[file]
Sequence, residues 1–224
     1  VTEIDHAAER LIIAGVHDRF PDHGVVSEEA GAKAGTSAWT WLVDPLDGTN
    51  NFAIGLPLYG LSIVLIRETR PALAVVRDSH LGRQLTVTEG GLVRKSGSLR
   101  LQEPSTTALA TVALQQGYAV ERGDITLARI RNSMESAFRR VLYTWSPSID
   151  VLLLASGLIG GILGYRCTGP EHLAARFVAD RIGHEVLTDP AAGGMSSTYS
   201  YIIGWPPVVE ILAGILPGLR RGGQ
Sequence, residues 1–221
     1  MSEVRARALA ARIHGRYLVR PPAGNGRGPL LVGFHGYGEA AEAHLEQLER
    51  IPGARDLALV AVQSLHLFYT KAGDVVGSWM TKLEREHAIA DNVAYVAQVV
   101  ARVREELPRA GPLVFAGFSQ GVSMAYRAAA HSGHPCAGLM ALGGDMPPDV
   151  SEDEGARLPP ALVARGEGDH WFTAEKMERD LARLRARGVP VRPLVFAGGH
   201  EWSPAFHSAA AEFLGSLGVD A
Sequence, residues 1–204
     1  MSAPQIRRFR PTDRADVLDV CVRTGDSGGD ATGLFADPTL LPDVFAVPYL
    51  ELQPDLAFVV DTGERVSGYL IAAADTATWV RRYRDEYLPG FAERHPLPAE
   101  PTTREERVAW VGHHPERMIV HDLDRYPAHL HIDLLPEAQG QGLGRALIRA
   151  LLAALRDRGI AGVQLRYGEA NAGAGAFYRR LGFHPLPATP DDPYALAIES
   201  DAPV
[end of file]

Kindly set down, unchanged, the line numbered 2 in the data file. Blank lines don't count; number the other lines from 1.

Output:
     1  VTEIDHAAER LIIAGVHDRF PDHGVVSEEA GAKAGTSAWT WLVDPLDGTN